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And once her both arms suddenly
Round Mary's neck she Aung, And her heart panted, and she felt
The words upon her tongue.
She felt them coming, but no power
Had she the words to smother ; And with a kind of shriek she cried,
“O Christ! you're like your mother!”
So gentle Ellen now no more
Could make this sad house cheery; And Mary's melancholy ways
Drove Edward wild and weary.
Lingering he raised his latch at eve,
Though tired in heart and limb: He loved no other place, and yet
Home was no home to him.
One evening he took up a book,
And nothing in it read; Then nung it down, and groaning, cried,
“O! Heaven ! that I were dead.”
His limbs along the moss, bis bead
Upon a mossy heap,
Might chatter one to sleep.
And was not well in health ;
And talk'd as 'twere by stealth. “ The sun peeps through the close thick leaves,
See, dearest Ellen! see! 'Tis in the leaves, a little sun,
No bigger than your e'e; “ A tiny sun, and it has got
A perfect glory, too;
Round that small orb, so blue."
What colour they might be: Says this, “ They're mostly green;" says that,
“ They're amber-like to me."
Were troubling Edward's rest;
And the thumping in his breast.
Did Edward mutter plain ;
With horror and huge pain.
What thoughts were in his mind;
That hath been just struck blind. He sat upright; and ere the dream
Had had time to depart, “O God, forgive me!” he exclaim'd,
“ I have torn out her heart."
Mary look'd up into his face,
And nothing to him said ; She tried to smile, and on his arm
Mournfully leand her head.
And he burst into tears, and fell
Upon his knees in prayer; “ Her heart is broke! O God! my grief,
It is too great to bear!”
'Twas such a foggy time as makes
Old sextons, sir! like me, Rest on their spades to cough; the spring
Was late uncommonly.
And then the hot days, all at once,
They came, we knew not how; You look'd about for shade, when scarce
A leaf was on a bough.
It happen'd then, ('twas in the bower
A furlong up the wood; Perhaps you know the place, and yet
I scarce know how you should,) No path leads thither, 'tis not nigh
To any pasture plot; But cluster'd near the chattering brook,
Lone hollies mark'd the spot.
Then Ellen shriek'd, and forth with burst
Into ungentle laughter;
And never she smiled after. Carmen reliquum in futurum tempus relegatum. To morrow! and lo-torrow! and to-morrow !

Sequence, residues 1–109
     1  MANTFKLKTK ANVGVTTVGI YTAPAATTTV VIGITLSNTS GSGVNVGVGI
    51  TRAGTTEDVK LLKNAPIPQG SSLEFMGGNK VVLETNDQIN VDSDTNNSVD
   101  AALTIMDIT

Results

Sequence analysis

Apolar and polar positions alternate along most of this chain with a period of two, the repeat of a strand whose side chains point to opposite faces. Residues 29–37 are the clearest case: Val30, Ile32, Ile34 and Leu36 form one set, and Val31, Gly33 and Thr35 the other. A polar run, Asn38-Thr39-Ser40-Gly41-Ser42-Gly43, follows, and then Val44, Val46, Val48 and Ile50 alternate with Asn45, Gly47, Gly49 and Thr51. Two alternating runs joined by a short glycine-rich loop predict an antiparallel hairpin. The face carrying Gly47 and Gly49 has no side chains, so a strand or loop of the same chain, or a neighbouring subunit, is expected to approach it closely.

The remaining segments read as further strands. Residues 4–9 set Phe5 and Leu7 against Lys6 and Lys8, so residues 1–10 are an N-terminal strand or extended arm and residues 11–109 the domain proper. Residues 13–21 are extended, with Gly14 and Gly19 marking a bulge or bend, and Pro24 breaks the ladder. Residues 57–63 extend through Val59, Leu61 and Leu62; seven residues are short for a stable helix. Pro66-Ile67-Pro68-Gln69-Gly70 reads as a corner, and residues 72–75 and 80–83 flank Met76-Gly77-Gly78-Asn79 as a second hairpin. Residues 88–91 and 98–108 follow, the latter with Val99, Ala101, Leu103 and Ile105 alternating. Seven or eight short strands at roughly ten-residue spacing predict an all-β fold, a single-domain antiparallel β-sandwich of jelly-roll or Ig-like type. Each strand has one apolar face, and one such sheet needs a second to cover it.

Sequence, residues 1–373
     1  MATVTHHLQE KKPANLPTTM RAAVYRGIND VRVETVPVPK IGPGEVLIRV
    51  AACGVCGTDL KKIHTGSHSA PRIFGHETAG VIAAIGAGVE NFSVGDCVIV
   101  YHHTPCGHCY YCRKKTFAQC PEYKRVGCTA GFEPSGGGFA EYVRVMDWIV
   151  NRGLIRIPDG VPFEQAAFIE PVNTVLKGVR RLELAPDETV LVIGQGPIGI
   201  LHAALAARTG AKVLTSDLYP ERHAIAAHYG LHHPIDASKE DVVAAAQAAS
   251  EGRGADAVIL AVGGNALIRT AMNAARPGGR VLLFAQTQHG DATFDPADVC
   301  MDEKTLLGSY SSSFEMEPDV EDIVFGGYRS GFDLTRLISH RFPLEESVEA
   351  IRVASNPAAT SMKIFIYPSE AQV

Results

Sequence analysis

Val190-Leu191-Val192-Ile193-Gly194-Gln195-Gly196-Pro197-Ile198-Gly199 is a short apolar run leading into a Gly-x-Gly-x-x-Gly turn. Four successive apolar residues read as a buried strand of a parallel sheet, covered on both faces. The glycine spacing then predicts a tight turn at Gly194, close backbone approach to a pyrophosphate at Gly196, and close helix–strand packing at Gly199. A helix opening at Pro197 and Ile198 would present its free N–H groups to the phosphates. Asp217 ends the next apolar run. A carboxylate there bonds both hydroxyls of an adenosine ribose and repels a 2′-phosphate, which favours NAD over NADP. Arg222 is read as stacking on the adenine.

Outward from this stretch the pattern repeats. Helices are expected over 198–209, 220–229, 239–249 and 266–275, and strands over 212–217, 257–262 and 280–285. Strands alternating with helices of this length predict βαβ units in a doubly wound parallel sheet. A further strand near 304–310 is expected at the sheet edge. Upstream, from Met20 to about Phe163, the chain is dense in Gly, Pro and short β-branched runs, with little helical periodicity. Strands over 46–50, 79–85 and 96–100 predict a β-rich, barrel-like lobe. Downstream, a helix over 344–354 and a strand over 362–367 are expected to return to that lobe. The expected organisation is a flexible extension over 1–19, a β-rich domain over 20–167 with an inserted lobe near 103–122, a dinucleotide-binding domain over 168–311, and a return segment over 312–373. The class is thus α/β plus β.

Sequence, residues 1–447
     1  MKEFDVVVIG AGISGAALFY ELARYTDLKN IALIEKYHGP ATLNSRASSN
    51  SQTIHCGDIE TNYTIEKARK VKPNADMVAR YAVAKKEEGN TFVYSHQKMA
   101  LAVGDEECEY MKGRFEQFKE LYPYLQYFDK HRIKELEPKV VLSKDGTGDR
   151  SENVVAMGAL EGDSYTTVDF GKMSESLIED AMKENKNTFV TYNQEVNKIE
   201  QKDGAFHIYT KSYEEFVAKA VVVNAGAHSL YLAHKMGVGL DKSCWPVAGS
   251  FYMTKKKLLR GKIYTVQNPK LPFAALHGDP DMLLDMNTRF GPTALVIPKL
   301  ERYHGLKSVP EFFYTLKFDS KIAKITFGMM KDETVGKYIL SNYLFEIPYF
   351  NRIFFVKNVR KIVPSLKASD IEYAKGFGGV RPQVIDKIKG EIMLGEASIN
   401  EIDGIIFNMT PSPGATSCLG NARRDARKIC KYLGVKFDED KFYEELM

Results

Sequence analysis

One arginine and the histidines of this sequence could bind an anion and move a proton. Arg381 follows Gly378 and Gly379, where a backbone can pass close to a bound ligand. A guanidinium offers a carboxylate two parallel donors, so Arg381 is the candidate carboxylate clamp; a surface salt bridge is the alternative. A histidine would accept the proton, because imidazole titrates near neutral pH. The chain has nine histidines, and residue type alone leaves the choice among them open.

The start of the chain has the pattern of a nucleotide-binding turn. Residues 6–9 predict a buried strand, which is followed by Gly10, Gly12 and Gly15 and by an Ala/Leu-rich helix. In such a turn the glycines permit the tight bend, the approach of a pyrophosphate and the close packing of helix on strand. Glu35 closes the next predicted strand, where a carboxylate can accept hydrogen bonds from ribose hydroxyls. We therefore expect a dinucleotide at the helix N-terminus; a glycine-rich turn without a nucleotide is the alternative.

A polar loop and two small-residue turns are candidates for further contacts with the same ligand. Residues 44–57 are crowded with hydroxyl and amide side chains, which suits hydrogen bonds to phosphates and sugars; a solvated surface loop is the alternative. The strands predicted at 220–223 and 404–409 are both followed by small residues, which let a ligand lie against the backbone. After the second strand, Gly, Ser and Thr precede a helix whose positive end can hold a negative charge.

Those hollies of themselves a shape
As of an arbour took, A close, round arbour ; and it stands
Not three strides from a brook.
Within this arbour, which was sti:)
With scarlet berries hung, Were these three friends, one Sunday morn,
Just as the first bell rung.
Late, late yestreen, I saw the new Moon,
Ballad of Sir Patrick Spens.
'Tis sweet to hear a brook, 'tis sweet
To hear the Sabbath bell, 'Tis sweet to hear them both at once,
Deep in a woody dell.
1. WELL! if the bard was weather-wise, who made
The grand old ballad of Sir Patrick Spence,
This night, so tranquil now, will not go hence Unroused by winds, that ply a busier trade
Than those which mould yon cloud in lazy flakes, What, and wherein it doth exist,
This beautiful, and beauty-making power.
Joy, virtuous lady! Joy that ne'er was given, For lo! the new moon winter-bright!
Save to the pure, and in their purest hour, And overspread with phantom light,
Life, and life's effluence, cloud at once and shower, (With swimming phantom light o’erspread, Joy, lady! is the spirit and the power,
But rimm'd and circled by a silver thread,) Which wedding nature to us gives in dower, I see the old moon in her lap, foretelling
A new earth and new heaven, The coming on of rain and squally blast. Undreamt of by the sensual and the proud; And 0! that even now the gust were swelling, Joy is the sweet voice, Joy the luminous cloud
And the slant night-shower driving loud and fast! We in ourselves rejoice! Those sounds which oft have raised me, whilst And thence flows all that charms or ear or sight, they awed,
All melodies the echoes of that voice,
All colours a suffusion from that light.
There was a time when, though my path was II.
rough, A grief without a pang, void, dark, and drear, This joy within me dallied with distress, A stifled, drowsy, unimpassion'd grief,
And all misfortunes were but as the stuff Which finds no natural outlet, no relief,
Whence fancy made me dreams of happiness: In word, or sigh, or tear
For hope grew round me, like the twining vine, O lady! in this wan and heartless mood,
And fruits, and foliage, not my own, seem'd mine. To other thoughts by yonder throstle wood, But now afflictions bow me down to earth;
All this long eve, so balmy and serene, Nor care I that they rob me of my mirth. Have I been gazing on the western sky,
But 0! each visitation
Suspends what nature gave me at my birth,
But to be still and patient, all I can;
And haply by abstruse research to steal Now sparkling, now bedimind, but always seen : From my own nature all the natural manYon crescent moon, as fix'd as if it grew
This was my sole resource, my only plan; In its own cloudless, starless lake of blue;
Till that which suits a part infects the whole, I see them all so excellently fair,
And now is almost grown the habit of my soul. I see, not feel, how beautiful they are !
Hence, viper thoughts, that coil around my mind, My genial spirits fail,
Reality's dark dream! And what can these avail
I turn from you, and listen to the wind, To lift the smothering weight from off my breast ? Which long has raved unnoticed. What a scream It were a vain endeavour,
Of agony by torture lengthen’d out Though I should gaze for ever